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New Year’s Eve with dog – How to recognize stress, anxiety, and fear.

New Year’s Eve is an event to celebrate for many people. Parties, loud music, sparklers, and fireworks are simply part of it. But many dog owners have a rather queasy feeling when they think of New Year’s Eve. The reason: their dog is afraid.

But how do you actually know if your dog is anxious, stressed or fearful and when should you act?

In this blog post, you’ll learn the difference between anxiety, stress, and fear and how to recognize your dog’s specific signals.

F.A.S. – Fear, Anxiety, Stress.

Fear → Is a directed reaction to a threatening situation (also to be managed).

Anxiety → Is an undirected reaction to an experience or situation that cannot be concretely grasped and that is apparently unmanageable.

Stress → Is an unspecific reaction of the body to a (also potential) strain.

Stressors can cause such a strain.

Is my dog scared?

The best way to determine if your dog is experiencing fear, anxiety, or stress is to pay attention to his body signals.

Possible early signs of F.A.S. may include:

  • ears pointed slightly back or to the side
  • lowered tail
  • furrowed brow
  • slower movements or stiffening
  • slightly dilated pupils
  • looking around for the holder
  • frantic search for escape possibilities
  • panting with narrower mouth opening
  • refusal of food or faster food intake
  • stronger chewing on toys
  • unspecific individual signs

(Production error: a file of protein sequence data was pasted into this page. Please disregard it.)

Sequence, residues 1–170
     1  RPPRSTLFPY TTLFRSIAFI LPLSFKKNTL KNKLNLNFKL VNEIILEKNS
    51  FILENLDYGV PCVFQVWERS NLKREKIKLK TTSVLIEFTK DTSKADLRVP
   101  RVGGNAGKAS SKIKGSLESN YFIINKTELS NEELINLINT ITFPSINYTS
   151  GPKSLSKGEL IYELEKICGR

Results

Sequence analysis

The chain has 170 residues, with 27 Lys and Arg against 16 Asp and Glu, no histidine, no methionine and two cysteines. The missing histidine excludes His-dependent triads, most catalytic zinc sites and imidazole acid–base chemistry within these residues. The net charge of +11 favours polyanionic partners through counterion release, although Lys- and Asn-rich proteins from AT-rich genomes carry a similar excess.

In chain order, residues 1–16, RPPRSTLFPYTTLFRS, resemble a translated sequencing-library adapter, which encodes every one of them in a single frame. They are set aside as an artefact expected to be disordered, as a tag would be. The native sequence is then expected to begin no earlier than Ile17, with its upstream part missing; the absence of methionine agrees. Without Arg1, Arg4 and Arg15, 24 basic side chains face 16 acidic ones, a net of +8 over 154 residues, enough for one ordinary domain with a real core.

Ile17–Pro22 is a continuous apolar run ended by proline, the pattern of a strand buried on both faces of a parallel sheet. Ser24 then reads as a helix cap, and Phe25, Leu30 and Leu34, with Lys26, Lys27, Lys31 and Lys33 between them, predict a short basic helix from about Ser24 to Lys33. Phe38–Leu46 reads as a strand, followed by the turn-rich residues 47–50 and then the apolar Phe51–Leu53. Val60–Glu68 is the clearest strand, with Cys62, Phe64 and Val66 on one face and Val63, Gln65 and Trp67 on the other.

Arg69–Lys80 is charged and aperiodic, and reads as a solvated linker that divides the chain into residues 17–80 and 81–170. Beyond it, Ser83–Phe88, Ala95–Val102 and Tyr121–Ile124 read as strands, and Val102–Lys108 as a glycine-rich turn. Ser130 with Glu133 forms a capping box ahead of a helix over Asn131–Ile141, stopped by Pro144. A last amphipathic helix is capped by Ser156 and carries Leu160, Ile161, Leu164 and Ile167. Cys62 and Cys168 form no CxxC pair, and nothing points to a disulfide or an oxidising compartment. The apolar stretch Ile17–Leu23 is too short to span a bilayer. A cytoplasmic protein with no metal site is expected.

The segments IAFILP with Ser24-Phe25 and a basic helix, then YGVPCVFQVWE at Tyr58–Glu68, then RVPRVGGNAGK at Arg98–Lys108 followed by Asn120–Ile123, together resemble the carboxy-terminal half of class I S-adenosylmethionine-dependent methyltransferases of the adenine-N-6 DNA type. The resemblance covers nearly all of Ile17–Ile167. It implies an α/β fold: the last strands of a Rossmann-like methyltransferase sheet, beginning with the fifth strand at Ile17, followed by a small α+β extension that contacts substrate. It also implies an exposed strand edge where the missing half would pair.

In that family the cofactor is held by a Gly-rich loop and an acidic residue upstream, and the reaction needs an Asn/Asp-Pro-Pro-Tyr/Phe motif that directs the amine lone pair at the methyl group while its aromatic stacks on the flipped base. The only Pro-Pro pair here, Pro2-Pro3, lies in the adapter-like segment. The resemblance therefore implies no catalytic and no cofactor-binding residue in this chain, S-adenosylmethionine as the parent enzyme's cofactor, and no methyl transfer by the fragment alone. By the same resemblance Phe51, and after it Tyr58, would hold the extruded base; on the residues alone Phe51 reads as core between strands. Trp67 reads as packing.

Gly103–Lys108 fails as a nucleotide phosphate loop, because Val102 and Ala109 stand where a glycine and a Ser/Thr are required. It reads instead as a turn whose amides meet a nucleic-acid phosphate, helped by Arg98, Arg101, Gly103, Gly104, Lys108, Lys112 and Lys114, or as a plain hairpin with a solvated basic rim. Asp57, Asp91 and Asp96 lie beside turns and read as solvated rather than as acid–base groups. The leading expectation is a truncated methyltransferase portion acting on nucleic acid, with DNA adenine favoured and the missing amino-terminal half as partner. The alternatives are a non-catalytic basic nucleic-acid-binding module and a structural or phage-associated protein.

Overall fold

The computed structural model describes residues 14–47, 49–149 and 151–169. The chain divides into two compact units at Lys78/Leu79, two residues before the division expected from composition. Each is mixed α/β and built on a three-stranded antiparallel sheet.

If your dog shows one or more of these signs, it is already management action to take.

Calming my dog when he is anxious:

There are several ways you can calm your dog when he is anxious, stressed, fearful. Here are a few examples:

  • Offering closeness and petting if necessary.
  • Offer protection e.g. dog crate, between legs, under a table etc.
  • Distraction e.g. by food puzzle or playing together
  • Exercise (please not outside on New Year’s Eve, but rather inside the house)
  • Conditioned relaxation signal (start free training now!)
  • Reduce stressors (e.g. light and noise on New Year’s Eve), e.g. darken windows, turn on TV or radio.
  • Do not leave your dog alone
  • Specific rituals between you and your dog

We hope these tips help you and your dog! If you want to learn even more about your dog’s behavior or start New Year’s Eve training right away, download our app now!

By Sarah Mertes

Certified dog trainer

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